Tristram Hunt backs Liz Kendall for Labour leadership
Tristram Hunt has said he does not plan to run for Labour Party leader, instead giving his backing to Liz Kendall.
Mr Hunt said he could not be confident of enough support from fellow MPs to launch a bid.
He also questioned the timescale of the leadership process, saying it had been "almost decided" within five days of the election.
Ms Kendall, Andy Burnham, Yvette Cooper and Mary Creagh have put themselves forward for the leadership.
Candidates must get the support of 35 of the party's MPs in order to stand in the contest, which will be decided in September.
In a speech in London, Mr Hunt said he had "made a lot of calls" to other MPs, but said many of them were already committed to "just a small number of candidates", saying he found it surprising this had happened so soon after the "devastating" election defeat.
Ms Kendall, he said, would be able to confront the "big challenges" facing Labour and would have the "leadership mettle" to succeed.
Responding to his endorsement, Ms Kendall said her fellow MP was "a big talent" and she was "delighted" to have his support.
In his speech, Mr Hunt also criticised Ed Miliband's "timid" approach to the election.
Mr Miliband, who resigned after Labour's election defeat, was said to have pursued a 35% strategy - focusing on core Labour voters and disaffected Lib Dems and hoping UKIP would sink the Tories.
Mr Hunt said Labour needed a "100% strategy" that was "broad-based" and "forward-looking".
'Out of step'
He urged the party not to "turn inwards" and said merely "rediscovering Labour's beating heart" would not revive the party's electoral fortunes.
He suggested that what was needed was a return to the combination of economic discipline and social renewal that won Labour three election victories under Tony Blair, describing this as a "winning argument".
"Not since 1983 have we been so out of step with the prevailing mood of the nation," he told the event at the think tank Demos.
"But worse still, for perhaps the first time, we now face an electoral battle across three distinct fronts: the rise of nationalism in Scotland, a lack of trust in our traditional English heartlands and loss of confidence in Middle England."
Mr Hunt, a historian and the MP for Stoke-on-Trent Central, said Labour had "collectively dithered" on the question of devolving powers to other parts of England.
"The shadow cabinet was not united" when the Conservatives proposed new powers for Greater Manchester and other northern cities, he said, calling for "big and bold English devolution".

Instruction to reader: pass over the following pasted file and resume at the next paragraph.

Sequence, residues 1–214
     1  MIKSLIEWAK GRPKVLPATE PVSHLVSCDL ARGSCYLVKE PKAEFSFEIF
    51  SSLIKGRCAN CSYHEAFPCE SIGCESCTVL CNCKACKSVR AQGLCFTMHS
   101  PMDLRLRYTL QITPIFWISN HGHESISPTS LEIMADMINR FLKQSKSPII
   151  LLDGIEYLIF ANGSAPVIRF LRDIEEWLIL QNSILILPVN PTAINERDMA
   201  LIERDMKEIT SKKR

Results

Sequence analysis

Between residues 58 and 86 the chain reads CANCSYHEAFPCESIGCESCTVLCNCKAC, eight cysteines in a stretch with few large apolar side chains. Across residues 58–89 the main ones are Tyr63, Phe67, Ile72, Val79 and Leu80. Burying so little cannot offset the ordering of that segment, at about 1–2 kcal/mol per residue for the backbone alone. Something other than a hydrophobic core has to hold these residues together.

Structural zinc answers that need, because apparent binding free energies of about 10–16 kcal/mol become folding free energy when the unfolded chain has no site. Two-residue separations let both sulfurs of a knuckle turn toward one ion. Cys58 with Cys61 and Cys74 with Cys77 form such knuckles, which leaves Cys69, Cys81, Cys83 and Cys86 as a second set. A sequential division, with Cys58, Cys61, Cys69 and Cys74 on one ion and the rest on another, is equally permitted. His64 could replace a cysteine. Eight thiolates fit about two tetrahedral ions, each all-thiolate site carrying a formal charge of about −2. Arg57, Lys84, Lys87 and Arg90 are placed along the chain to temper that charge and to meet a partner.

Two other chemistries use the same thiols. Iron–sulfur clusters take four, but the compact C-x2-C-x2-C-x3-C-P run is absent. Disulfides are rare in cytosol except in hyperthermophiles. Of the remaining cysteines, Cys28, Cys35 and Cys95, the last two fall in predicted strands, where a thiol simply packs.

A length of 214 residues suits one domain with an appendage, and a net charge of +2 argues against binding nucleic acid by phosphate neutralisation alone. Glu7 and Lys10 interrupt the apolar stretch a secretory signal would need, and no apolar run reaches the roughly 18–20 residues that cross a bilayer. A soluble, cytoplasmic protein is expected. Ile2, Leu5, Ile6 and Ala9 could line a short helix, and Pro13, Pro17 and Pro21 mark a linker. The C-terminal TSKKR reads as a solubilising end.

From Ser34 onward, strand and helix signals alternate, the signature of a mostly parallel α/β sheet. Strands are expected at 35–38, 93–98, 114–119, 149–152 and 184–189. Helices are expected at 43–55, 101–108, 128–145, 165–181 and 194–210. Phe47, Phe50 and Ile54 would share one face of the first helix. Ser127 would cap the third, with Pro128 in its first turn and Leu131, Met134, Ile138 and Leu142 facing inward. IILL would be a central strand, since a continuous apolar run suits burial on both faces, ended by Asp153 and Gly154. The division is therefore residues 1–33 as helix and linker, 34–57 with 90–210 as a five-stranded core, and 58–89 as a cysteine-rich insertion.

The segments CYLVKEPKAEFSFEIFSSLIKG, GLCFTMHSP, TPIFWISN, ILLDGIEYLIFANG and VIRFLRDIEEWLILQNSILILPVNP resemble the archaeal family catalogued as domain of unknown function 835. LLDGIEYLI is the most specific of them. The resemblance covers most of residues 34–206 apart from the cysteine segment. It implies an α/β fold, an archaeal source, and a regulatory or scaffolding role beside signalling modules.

Mr Hunt also said Labour should consider freezing or reducing child benefit for school-age children to pay for a "universal right to free childcare" for all parents of two-year olds.
And he said the party "could and should" have prepared for tougher economic conditions during its time in government.
All the leadership contenders are setting out their stalls, with Mr Burnham - described as the "unifying" candidate by his supporters - calling for a referendum on the EU to be brought forward to 2016 and for an end to new free schools.
Ms Cooper, meanwhile, has said Labour must rethink its approach to business by dropping its opposition to corporation-tax cuts and consulting more closely with business leaders before developing new policies.
'No quick fix'
Ms Kendall has also won the backing of former minister Pat McFadden, who said she best understood that "Labour wins when it gives a positive, hopeful, optimistic story of the country's future as well as just collecting a set of causes and grievances".
Labour's deputy chairman Jon Trickett - a shadow minister - said he was disappointed that Mr Hunt would not be standing.
He echoed the shadow education secretary's comments on the need for more diversity in the leadership race.
"All the MPs and all the party should think very carefully about the danger that we finish up with only one, two or three candidates, probably from similar points of view and similar backgrounds too," Mr Trickett said.
Sir Keir Starmer, the former Director of Public Prosecutions who is now a Labour MP, told the BBC that he had not decided who to back but the party needed a "fully-formed leader able to hit the ground running from the very start".
Amid concerns that established candidates are hoovering up support among MPs, he told Newsnight "people are very quick to tell you who is going to win" but it was a long campaign and those standing needed to face up to the harsh realities of Labour's position.
"We cannot paper over the cracks," he said.
"There is no point in a quick fix which presents itself as unity but is not unity... We need to have that open debate and be brave enough to ask difficult questions and to see what answers are coming to us from outside our party."
A number of other prominent Labour MPs, including Dan Jarvis, Alan Johnson and David Lammy, have ruled themselves out of the race, while Chuka Umunna withdrew three days after entering the contest, citing concerns about media scrutiny of his family.